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Universal Edibility Test, Can I Eat This?

Dandelions Are Edible.

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You are hungry. You don’t have any food,  and you are in a survival situation. All around are plants, flowers, and trees.  You reach for that leaf. Stop!  Did you do the universal edibility test to see if that plant is safe to eat?

Eat plants only as a last resort in any survival scenario. Remember, you can survive for 3 weeks without food.

4 Things You Must Do Before Using the Universal Edibility Test

Deciding to eat plants is not something you do unless your food supply is almost done, and you haven’t eaten anything in two weeks.

Before you think to look for edible plants to test and eat, make sure you do the following before consuming plants.

  • Ration your food source, if available.
  • Eat insects
  • Have a reserve of drinking water
  • Know how to induce vomiting if the plant you eat is poisonous.

What to Avoid When You Look for Edible Plants

Avoid all mushrooms!

Whether the mushrooms are on the ground or trees, many are deadly.  Mushrooms are not plants or animals;  they are in their own kingdom, fungi, along with yeast and molds. There is no test to determine if they are poisonous or safe. Mushrooms are not worth the risk of eating.

Avoid plants that signal they are poisonous.

Some poisonous plants taste and smell inedible, but luckily, other poisonous plants give us signs that we should not eat them.

  • An almond scent or pear scent
  • A bitter taste
  • Grain heads with pink or black spurs
  • Groups of three leaves
  • Milky sap
  • Seeds, beans, or bulbs inside pods
  • Thorns, spines, or hairs
  • White berries or yellow berries

What to Look  for When Selecting a Plant for the Edibility Test

Look for a plentiful plant.

There sound be enough of the plant to have an abundant supply if it is edible.

Look to see what animals are eating.

There is no guarantee that if animals eat the plant, it is safe for you to eat, but this helps narrow down which plant to test.

Look for familiar plants.

Look for familiar edible plants. If you look closely, you may recognize plants from the produce aisle of the grocery store.

Do not eat any unfamiliar berries unless you are 100% sure that the berry is edible. You may be risking illness, even death.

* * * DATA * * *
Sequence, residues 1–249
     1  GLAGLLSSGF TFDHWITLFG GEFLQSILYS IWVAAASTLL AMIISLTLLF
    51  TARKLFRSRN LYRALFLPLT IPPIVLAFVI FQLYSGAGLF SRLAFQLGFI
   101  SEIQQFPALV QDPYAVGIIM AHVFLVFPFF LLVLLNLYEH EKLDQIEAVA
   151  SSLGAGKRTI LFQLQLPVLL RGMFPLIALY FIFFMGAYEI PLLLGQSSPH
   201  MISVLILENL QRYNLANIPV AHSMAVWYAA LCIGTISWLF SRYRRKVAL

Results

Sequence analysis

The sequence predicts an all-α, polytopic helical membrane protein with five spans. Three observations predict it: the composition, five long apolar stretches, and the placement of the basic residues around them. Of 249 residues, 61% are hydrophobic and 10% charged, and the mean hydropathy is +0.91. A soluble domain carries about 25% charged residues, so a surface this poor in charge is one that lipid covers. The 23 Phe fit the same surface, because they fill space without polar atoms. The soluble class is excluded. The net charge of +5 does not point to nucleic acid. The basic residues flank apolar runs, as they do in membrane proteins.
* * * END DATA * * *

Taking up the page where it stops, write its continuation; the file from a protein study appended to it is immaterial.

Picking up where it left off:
Every plant you consider eating in the wild should be tested according to the plant edibility. Some poisonous plants look similar to edible ones.

Plants that look like the following common edible plants are an excellent place to start.

• Acorns
• Asparagus
• Banana
• Blackberries
• Blueberries
• Cactus
• Chestnuts
• Dandelion
• Mangoes
• Papaya
• Persimmon
• Strawberries
• Taro
• Wild onion

Don’t forget to look for seaweed.

Seaweed is a nutritious plant source that is edible as long as you get it fresh from the ocean. Do not seaweed that has washed up on the shore. When you wade out into the sea and harvest some fresh seaweed, you will have a good food source of minerals and vitamin C. Common edible seaweeds are:

• Dulse
• Irish moss
• Wakame

Can You Trust the Universal Edibility Test?

Who created the plant edibility test? The Universal Edibility Test comes from the United States Army Survival Field Manual, ATP 3-50.21; this specifies what to do when testing unknown plants for possible consumption.

The Plant Edibility Test is found under the section labeled plant. You can get this publication on the Federation of American Scientists’ website, put in the search term “survival.”

Steps to Test for Plant Edibility

When testing unknown plants remember that the test takes 24 hours to complete and only test one part of the plant at a time.

1. Separate the plant into its different components.

These include the flower, leaves, stems, and roots.

Take a small part of the plant you are considering eating. Look at it. If it is brightly colored, discolored, or looks old. Do not eat it.

If the sap is milky when you break the stem, discard it.  Continue if the sap is not milky.

2. Smell it.

If there is a moldy or musty s coming from the plant, discard it.

Also, if there is a scent or almond or pear from almond or pear, avoid it; there is cyanide present.

3. Do a skin contact test.

Crush the part of the plant you would like to eat and rub the juice on a sensitive area of your skin: the elbow, palm, forearm, or the inside bend of your arm.

Leave it here for several hours. Do you notice signs of redness, swelling, or feel burning or soreness? Avoid eating if you do.

4. Put a small part of the plant on the outer lip and inner part of your lip

If there is tingling or swelling, rinse your mouth out with water.

5. Chew a small piece of the plant to get all of the juices, then spit it out.

Is there a tingling, swelling, or other adverse reactions?

If not, continue testing.  If yes, stop here.

6. Eat a small piece of the plant, then wait for six hours.

Do not eat any other food.

If the plant passed all the edibility test steps, you could be reasonably sure that the plant is safe to eat, but only consume small amounts.

Keep in Mind

When you are down to your last food source and have not eaten in two weeks knowing how to implement the edibility test, adding plants to your diet is a must-have survival skill.
If you are unsure, the plant is edible, and you did not test it, do not eat it!

The next time you go food shopping, practice using the universal edibility test on an edible plant from the supermarket.

Carol McGibbon

Welcome to Survival Skills Now.
After seeing and experiencing some of the effects of global warming, increased floods, hurricanes, tornadoes, forest fires, and other situations, I see the importance of prepping. It is my mission to present survival skills information so that we can prepare for any survival situation.

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